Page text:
1) The Transition to Parenthood by Jay Belsky and John Kelly. This book is a qualitative sociological look at why some couples have relationships that improve after adding their first child, but others have relationships that go into a precipitous decline (even if they seemed great ahead of time, like in “She looks just like you”). We read this book before Leigh was born, because we found it suggested in a book on preparing for birth. It started a bunch of essential conversations that continued once Leigh was born, and really helped get us going on the right foot. This book makes no assumptions regarding whether or not it is better for parents to share care in an egalitarian manner, or with a more traditional division of labor, but does do a nice job of pointing out where pitfalls can come with any arrangement, depending on the expectations of parents going in. I do offer this suggestion with some reservations. It was written in the 80s, several parts will make even borderline feminists squirm, and of course the the thought of queer parents never crossed the authors’ minds, but even so, they write about patterns that definitely apply to queer families too, and we’ve never found this info anywhere else.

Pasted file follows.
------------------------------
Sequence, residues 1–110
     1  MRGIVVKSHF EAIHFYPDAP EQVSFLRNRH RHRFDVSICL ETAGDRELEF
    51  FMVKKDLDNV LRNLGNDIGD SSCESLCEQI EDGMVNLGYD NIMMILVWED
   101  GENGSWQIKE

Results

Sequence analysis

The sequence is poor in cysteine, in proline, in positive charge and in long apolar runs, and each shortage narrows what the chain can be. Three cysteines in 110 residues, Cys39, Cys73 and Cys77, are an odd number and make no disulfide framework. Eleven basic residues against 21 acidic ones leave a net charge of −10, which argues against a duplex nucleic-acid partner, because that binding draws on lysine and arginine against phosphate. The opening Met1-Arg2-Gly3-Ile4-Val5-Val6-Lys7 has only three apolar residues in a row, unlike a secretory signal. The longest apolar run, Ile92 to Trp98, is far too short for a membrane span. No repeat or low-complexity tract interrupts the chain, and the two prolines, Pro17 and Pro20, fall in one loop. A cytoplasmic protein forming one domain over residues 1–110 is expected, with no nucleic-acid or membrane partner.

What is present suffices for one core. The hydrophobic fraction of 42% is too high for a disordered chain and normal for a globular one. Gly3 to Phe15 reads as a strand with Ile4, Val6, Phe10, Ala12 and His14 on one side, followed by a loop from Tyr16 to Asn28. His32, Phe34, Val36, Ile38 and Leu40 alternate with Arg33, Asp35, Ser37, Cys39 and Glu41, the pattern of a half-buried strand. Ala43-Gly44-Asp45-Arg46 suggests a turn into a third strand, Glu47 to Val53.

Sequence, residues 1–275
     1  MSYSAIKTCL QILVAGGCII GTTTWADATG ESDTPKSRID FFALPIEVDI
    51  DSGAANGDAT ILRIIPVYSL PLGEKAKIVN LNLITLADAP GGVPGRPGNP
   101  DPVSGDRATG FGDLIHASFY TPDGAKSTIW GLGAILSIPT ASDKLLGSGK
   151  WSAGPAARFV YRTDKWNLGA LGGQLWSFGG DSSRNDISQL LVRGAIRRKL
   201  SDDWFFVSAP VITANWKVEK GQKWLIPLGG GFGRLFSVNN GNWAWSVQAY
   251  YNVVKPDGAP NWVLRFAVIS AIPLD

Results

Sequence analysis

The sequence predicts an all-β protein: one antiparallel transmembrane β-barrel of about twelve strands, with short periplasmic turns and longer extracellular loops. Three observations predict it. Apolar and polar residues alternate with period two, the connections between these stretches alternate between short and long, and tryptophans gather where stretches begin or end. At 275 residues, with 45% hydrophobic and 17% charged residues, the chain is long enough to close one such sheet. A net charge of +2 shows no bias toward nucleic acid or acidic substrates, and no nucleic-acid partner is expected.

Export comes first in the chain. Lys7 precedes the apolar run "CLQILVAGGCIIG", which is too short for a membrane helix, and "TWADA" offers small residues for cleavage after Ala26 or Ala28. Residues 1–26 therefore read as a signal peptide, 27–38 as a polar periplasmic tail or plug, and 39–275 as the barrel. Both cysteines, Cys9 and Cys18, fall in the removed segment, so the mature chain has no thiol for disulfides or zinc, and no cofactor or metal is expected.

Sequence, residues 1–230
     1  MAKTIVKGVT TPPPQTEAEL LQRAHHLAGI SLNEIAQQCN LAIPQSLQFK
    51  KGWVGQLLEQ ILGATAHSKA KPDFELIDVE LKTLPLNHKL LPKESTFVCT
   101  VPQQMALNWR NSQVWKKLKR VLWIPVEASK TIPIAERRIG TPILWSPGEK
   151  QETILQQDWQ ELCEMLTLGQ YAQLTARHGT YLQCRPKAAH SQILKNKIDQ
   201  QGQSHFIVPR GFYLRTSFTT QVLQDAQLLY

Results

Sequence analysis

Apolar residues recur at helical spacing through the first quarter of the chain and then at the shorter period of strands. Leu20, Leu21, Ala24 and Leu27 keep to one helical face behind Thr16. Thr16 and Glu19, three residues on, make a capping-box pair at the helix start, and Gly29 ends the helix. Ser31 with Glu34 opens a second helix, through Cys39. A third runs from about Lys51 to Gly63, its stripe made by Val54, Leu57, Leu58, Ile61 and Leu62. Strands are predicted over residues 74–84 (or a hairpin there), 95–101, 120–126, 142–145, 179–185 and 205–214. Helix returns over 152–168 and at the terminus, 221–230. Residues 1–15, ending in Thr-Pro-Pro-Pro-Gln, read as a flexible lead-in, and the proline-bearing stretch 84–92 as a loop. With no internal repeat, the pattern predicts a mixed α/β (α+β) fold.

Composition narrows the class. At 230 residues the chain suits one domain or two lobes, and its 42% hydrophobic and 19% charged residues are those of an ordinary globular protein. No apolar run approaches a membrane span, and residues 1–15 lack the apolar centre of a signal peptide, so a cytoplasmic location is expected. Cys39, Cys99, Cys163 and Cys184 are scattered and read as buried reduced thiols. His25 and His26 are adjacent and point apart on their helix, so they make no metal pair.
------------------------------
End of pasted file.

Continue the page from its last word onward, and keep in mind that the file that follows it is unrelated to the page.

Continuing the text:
This book is also one of very few that takes the experiences of dads seriously. Most books on parenting are written exclusively to (straight, primary parenting, bio-) moms. Because the perspective of dads is included here, it means that when you are reading between the lines, trying to figure out how what is described might apply to a two-mom family, the experience of the non-nursing, non-gestating parent is included. It’s still kind of a pain, but it gives you more to work with than books written directly to (straight, bio-) moms, most of which make an assumption that any co-parent is, at best, a peripheral benevolent presence, not a central player with thoughts, feelings and expectations of his/her own.